Two Medical Pot States Don’t Require Residency
By Steve Elliott
NEWS JUNKIE POSTAug 7, 2010 at 10:57 am
With the discovery of a loophole in Montana’s medical marijuana law, the Big Sky State joins Oregon in no longer requiring residency to obtain legal authorization to use medicinal cannabis.
Montana health officials said Friday that patients don’t have to live in Montana to receive medical cards from the state after the Department of Public Health and Human Services.
The discovery was made after reviewing plans to require medical marijuana applicants to have a Montana driver’s license or state-issued identification, according to department spokesman Chuck Council.
The new driver’s license policy was to begin Monday, but the legal review has halted those plans.
“The law is mute on the subject of legal residency and there is is no recourse for the Department of Public Health and Human Services but to keep the situation as it stands,” Council said, reported Matt Volz of The Associated Press.
“On Monday, we will be moving forward, status quo, on the processing of out-of-state applications,” Council said.
The Montana Department of Health maintains the state’s medical marijuana patient registry, which included about 23,500 patients at the end of July. The patient list increased by nearly 4,000 people in just a month, a continuation of the medical marijuana boom that in the first six months of 2010 has seen more than 12,300 registered users added.
Montana health officials decided to tighten the residency requirements when they discovered several out-of-staters, such as college students and snowbirds, had applied for medical marijuana cards. It is unclear how many such applications were received.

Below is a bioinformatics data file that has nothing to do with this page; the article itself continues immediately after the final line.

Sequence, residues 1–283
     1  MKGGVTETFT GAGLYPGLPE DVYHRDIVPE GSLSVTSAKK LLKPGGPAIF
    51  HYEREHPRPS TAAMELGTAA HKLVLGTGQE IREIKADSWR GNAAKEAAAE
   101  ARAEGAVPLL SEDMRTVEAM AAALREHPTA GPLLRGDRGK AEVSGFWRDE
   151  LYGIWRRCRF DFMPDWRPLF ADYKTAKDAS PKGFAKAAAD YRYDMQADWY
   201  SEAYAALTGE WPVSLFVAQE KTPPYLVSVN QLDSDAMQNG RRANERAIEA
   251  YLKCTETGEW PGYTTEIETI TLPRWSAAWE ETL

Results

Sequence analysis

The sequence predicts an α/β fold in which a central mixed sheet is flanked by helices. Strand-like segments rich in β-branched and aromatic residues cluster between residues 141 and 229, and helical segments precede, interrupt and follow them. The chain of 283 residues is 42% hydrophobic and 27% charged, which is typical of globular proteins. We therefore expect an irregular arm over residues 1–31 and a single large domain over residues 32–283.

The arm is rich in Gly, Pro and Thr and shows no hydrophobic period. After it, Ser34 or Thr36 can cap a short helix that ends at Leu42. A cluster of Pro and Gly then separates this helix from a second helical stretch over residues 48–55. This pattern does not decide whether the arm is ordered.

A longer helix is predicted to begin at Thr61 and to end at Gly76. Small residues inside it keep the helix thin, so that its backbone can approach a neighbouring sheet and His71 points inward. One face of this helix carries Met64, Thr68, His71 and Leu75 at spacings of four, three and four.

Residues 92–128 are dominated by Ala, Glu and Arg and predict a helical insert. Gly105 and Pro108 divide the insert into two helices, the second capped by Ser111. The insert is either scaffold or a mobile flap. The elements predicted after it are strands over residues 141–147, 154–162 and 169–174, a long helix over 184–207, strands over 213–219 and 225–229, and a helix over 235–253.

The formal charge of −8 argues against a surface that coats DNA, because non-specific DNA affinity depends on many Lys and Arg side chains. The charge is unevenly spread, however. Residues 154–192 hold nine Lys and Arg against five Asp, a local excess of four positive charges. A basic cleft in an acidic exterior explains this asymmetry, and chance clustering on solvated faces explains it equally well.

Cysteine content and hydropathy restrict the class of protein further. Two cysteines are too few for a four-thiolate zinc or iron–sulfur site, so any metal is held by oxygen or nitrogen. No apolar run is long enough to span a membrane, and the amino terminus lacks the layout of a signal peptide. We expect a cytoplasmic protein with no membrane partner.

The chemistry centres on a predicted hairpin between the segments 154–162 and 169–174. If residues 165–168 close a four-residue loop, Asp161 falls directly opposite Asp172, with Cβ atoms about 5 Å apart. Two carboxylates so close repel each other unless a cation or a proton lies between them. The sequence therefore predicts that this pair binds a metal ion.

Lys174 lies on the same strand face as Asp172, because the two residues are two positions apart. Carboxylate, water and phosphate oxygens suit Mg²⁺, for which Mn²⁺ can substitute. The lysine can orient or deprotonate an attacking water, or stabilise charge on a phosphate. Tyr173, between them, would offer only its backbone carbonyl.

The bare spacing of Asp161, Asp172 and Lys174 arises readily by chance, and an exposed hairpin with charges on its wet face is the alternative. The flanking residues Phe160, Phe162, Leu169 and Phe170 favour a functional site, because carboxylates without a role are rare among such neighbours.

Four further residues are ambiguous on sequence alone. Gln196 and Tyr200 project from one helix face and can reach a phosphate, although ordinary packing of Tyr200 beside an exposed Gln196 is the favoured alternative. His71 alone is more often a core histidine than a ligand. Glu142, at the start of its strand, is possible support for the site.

But unless the Legislature changes the state law, Council said, health officials have no choice but to accept out-of-state applications from qualified patients.
Oregon Program Also Accepts Out-Of-Staters
Oregon, like Montana, may no longer require residency as part of its medical marijuana permit application process.
Oregon applicants formerly needed to supply proof of residency as well as Oregon identification as part of their application. However, the Beaver State shaved its residency requirement after it was informed by the state Department of Justice that such a requirement was inconsistent with the language of the bill.
Tawana Nichols, Oregon Medical Marijuana Program manager, said while the program was created with the intent of specifically benefiting Oregonians, there was no requirement of Oregon residency written into the bill, so they could not lawfully require it.
Medical Marijuana Cards Good In Issuing State Only
Patients should be aware that even though anyone with a qualifying medical condition can get a medical marijuana card in Montana and Oregon, those cards provide legal protection only the state which issued them, with four exceptions: Maine, Michigan, Rhode Island and Montana’s medical marijuana laws have “reciprocity,” which means they accept medical cannabis authorizations from other states.
Exercise caution even in those four states. In some of the states that allow reciprocity, it’s only for “use” — not allowing them to actually obtain it — and even then sometimes there’s a time limit on your out-of-state authorization. Talk with a lawyer and definitely check local laws and enforcement patterns.
Patients are particularly cautioned about carrying marijuana into states which have not yet legalized its medical use.
In other words, as soon as you enter those states, you can be arrested for possession of cannabis.
Editor’s note: Steve Elliott, a working journalist since 1982, is editor of Toke of the Town, Village Voice Media’s site of cannabis news, views, rumor and humor.
The author wishes to sincerely thank Adam Colbert for his excellent research assistance in the preparation of this article.
- July 17, 2010 Oregon To Vote On Marijuana Dispensaries
- September 11, 2010 Hempstalk Festival Kicks Off In Portland
- January 8, 2011 Montana House Speaker Wants To Repeal Medical Marijuana Law
- June 12, 2010 Colorado Pot Advocates Plan Legalization Push For 2012
- March 5, 2011 Warning Label Rejected For Montana Medical Marijuana